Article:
Spoon returns to Aspen for free outdoor show, Belly Up concert | AspenTimes.com

Spoon returns to Aspen for free outdoor show, Belly Up concert

The band Spoon will play a the Aspen Skiing Co.'s Hi-Fi Concert Series on Friday and at Belly Up Aspen on Saturday. From left are members Alex Fischel, Britt Daniel, Jim Eno and Rob Pope.
Courtesy photo


What: Spoon

Where: Aspen Skiing Co. Hi-Fi Concert Series Core Party (at Galena St. and Cooper Ave.); Belly Up Aspen

When: Core Party on Friday, March 30, 8 p.m.; Belly Up on Saturday, March 31, 9:30 p.m.

How much: Core Party, Free; Belly Up, $85-$165

Tickets: Belly Up box office; http://www.bellyupaspen.com

It took the indie rock band Spoon nearly 25 years to make its Aspen debut last August at Belly Up. But the Austin-based rock stalwarts aren’t wasting any time returning.

The band will be back in town for two much-anticipated shows this week, still touring in support of its acclaimed 2017 album “Hot Thoughts.”

Spoon will headline the Aspen Skiing Co.’s annual free Core Party in downtown Aspen today, taking over the corner of Cooper Avenue and Galena Street with a crowd of spring breakers. And Saturday, Spoon will be back on-stage at Belly Up.

The 10 songs on “Hot Thoughts” have evolved and grown concert legs as the hard-touring members of Spoon have played them on a nearly nonstop run of concerts for more than a year now.

“There’s a two- or three-month period when things are starting to take on new shape,” keyboardist and guitarist Alex Fischel said in a recent phone interview between stops at My Morning Jacket’s One Big Holiday festival in the Dominican Republic and Lollapalooza sets in Brazil, Chile and Argentina. “They get a different life that you can’t get without performing in front of people. So they’ve taken on a more energetic, live feel.”

“Hot Thoughts” is Spoon’s ninth album and its fourth in a row to crack the top 10 on the charts as the band has belatedly found a place in the mainstream pop landscape. Critical accolades for the record have included New York magazine saying the band is “incapable of releasing a bad record” and The Ringer proclaiming the record proves “a case to be made for Spoon being the greatest rock band of the 21st century.”

Spoon’s records have been consistently excellent but remarkably diverse. With songs written by singer Britt Daniel, and built around his ragged wail of a voice, the quartet manages not to repeat itself and pulls off some out-there experiments.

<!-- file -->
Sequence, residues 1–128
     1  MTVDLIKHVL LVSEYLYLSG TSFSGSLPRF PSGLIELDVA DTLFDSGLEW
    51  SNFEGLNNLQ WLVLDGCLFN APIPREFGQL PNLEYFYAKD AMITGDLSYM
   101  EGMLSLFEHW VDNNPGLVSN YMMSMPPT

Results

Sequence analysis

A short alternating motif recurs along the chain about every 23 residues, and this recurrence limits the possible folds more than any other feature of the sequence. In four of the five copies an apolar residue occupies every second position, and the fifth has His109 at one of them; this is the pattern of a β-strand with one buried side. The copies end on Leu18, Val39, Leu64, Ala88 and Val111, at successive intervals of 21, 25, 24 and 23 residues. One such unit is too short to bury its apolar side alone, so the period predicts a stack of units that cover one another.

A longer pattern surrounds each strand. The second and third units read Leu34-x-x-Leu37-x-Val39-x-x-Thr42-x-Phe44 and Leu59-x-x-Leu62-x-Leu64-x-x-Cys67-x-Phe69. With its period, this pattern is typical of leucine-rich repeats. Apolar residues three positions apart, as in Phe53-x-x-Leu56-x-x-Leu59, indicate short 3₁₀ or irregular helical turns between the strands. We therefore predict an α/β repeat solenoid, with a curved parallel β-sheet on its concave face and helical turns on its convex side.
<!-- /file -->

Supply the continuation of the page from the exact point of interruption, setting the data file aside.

“It’d be boring to just go in and do the same kinds of songs over and over again,” Fischel said. “We’re always trying to push the envelope and see what kinds of new things we can come up with.”

“Hot Thoughts,” for instance, is heavy on synthesizers and has a New Wave-y spirit. It incorporates some new elements into the Spoon sound, including samples and some hip-hop beats. The opening track and standout live song, “Do I Have to Talk You Into It,” includes a strange distorted organ sound. The album’s closer, “Us,” is heavy on saxophone.

To pull off the new sounds live, Spoon has added a new touring member, the Austin-based multi-instrumentalist Gerardo Larios, to its lineup.

“He’s taken a lot of the weight off of us to get the songs ready to go live,” Fischel said. “He came in and really killed it.”

Heading toward the dance-friendly, hip-hop sound of “Hot Thoughts” began as Spoon finished recording their previous album, “They Want My Soul,” five years ago. The last track they finished was “Inside Out,” with an infectious, head-bobbing beat and minimalist piano that have made it a set list staple.

“Without talking or thinking about it, we just liked that song a lot and liked playing it live, so we picked up there,” Fischel said. “That’s how we ended up with the record, I think. … It wasn’t a conscious decision where we said, ‘Let’s go down this hip-hop road.’”

The touches of glam and dance rock on the new record might have something to do with the untimely deaths of David Bowie and Prince in early 2016 while Spoon was recording “Hot Thoughts.” Fischel recalled the news of Prince’s death: “Everyone was in a weird mood. It was like, ‘Maybe we work on a Prince cover today?’ And that didn’t work out. I think Britt took it the hardest. He’s looked up to Prince his whole life. He just called it a day and took the day off.”

The band has been touring, more or less, nonstop for over a year. After the Aspen shows this weekend, they’re taking a month-and-a-half off, followed by a run of North American and European tour dates that run through June. After that, Fischel said, they’ll probably sit down — and get to work on new music.

“It takes a while to get back on that track again, but we want to start doing that sooner than later,” he said. “I’m not sure what the next chapter is. I’m curious myself to find out.”

Spoon is nothing if not touring pros. For 25 years now — from their early club days in Austin to recent years headlining festivals — they’ve held on to a reputation as one of the great live rock bands. But playing an outdoor, nighttime show in the Rockies in winter poses some unique challenges. Even springtime shows have been known to turn bitter around here (does anyone remember Vampire Weekend’s subzero Core Party show in 2010?).

The Texas-bred members of Spoon have had limited experience playing ski town outdoor shows, though Fischel and Daniel played a frigid Vail concert a few winters ago with their side project Divine Fits: “It was like 4 degrees out. They had stage heaters and hand warmers I kept grabbing onto. Hopefully it won’t be that cold this time, but we’ll see.”


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